Vote count in the single digits at Providence’s South Side Cultural Center

At the South Side Cultural Center in Providence, by 9:40 a.m., the total vote count was four.

Moderator Joseph Rose Jr., who was also the early voting moderator for city hall, said to check back in the afternoon, as too early in the morning was not indicative of turnout.

“This is low,” he said.

– With reports from Wheeler Cowperthwaite, Journal Staff writer

Voting gets underway in Rhode Island’s presidential primary … slowly

At the Asa Messer Elementary School in Providence’s West End, an hour and 20 minutes after the polls first opened, six people had voted.

“It’s slow but steady,” poll worker Jon Lax said.

He said he was not surprised by the light turnout because the only things on the ballot were the presidential primary and delegates.

Cool temperatures and gray skies likely tamped down some enthusiasm for people to go to the polls.

“People will turn out,” he said. “This is one where committed voters come out.

– With reports from Wheeler Cowperthwaite, Journal Staff writer

Who is on Rhode Island’s April 2 presidential primary ballot?

The presidential candidates who garnered enough signatures to qualify for the Rhode Island ballot include:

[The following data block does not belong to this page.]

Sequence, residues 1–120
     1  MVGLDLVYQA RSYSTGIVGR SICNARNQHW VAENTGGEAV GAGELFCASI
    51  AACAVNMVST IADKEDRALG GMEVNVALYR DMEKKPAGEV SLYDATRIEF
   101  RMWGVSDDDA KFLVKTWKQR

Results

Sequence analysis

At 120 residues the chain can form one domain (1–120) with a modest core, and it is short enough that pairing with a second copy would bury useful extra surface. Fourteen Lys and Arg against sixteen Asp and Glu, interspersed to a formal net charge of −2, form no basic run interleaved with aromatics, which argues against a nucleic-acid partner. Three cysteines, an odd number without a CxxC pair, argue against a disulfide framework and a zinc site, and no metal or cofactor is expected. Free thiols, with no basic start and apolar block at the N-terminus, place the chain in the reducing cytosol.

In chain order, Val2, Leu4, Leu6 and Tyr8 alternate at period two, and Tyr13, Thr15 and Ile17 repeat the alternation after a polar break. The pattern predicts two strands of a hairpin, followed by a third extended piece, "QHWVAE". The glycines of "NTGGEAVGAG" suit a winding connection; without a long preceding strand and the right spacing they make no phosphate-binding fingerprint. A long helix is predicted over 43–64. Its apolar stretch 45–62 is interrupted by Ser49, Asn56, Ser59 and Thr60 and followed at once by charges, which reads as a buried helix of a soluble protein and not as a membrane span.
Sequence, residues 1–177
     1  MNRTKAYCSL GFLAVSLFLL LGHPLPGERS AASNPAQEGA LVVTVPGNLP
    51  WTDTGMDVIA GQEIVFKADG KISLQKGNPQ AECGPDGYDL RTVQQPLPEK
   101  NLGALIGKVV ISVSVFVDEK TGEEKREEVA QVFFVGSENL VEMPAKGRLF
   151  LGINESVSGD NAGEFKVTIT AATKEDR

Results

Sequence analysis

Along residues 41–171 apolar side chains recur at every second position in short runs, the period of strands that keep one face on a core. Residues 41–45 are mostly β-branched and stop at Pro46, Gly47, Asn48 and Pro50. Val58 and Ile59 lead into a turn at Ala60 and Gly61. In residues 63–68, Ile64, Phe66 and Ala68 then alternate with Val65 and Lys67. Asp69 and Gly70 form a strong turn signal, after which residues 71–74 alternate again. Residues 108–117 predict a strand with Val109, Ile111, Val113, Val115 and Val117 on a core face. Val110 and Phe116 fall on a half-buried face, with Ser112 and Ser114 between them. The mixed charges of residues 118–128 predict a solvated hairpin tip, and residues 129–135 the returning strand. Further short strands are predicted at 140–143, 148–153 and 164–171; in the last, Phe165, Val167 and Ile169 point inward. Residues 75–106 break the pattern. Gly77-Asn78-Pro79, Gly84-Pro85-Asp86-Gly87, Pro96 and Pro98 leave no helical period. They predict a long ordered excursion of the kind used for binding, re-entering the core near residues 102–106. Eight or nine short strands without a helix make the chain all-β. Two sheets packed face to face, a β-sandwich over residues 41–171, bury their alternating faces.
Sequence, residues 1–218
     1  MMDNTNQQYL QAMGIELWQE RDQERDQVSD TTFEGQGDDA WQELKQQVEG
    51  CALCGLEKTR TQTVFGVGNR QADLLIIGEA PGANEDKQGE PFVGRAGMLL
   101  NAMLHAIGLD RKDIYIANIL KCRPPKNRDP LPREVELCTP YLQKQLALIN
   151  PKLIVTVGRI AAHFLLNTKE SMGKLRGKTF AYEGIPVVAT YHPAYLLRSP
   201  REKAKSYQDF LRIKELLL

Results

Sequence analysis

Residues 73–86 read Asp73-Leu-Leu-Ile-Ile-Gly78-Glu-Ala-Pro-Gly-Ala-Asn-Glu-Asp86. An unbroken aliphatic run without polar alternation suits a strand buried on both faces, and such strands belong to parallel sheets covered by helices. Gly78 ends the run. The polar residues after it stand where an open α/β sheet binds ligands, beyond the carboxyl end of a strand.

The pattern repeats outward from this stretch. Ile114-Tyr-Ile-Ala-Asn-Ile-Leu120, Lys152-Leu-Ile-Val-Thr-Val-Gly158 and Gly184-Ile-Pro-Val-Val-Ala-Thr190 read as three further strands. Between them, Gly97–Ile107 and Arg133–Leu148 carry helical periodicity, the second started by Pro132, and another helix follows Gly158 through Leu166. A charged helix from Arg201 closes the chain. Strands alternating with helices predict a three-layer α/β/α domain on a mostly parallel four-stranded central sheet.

Democrats:

Republicans:

  • Donald Trump

  • Former New Jersey Gov. Chris Christie

  • Florida Gov. Ron DeSantis

  • Former South Carolina Governor Nikki Haley

  • Entrepreneur Vivek G. Ramaswamy.

More: Yes, there’s still a presidential primary in RI. Here’s everything voters should know.

Why are candidates who dropped out still on the ballot?

All candidates who qualified for the ballot and did not formally pull out by Rhode Island’s Jan. 30, 2024, withdrawal deadline are on the ballot.

“They may still receive votes and be awarded delegates in accordance with their party’s delegate selection plan,” according to the secretary of state’s office. (In Rhode Island, Republican delegates are apportioned among candidates who get at least 10% of the vote.)

What’s the weather forecast?

Voters might want to get to the polls early to avoid the rain that’s expected to move in this afternoon.

Otherwise, expect mostly cloudy skies with a high temperature in the upper 40s to low 50s. The wind will blow from the northeast at 5 to 10 mph.

This article originally appeared on The Providence Journal: RI Primary Election 2024: Live coverage of the presidential primary

Share.
2024 © Network Today. All Rights Reserved.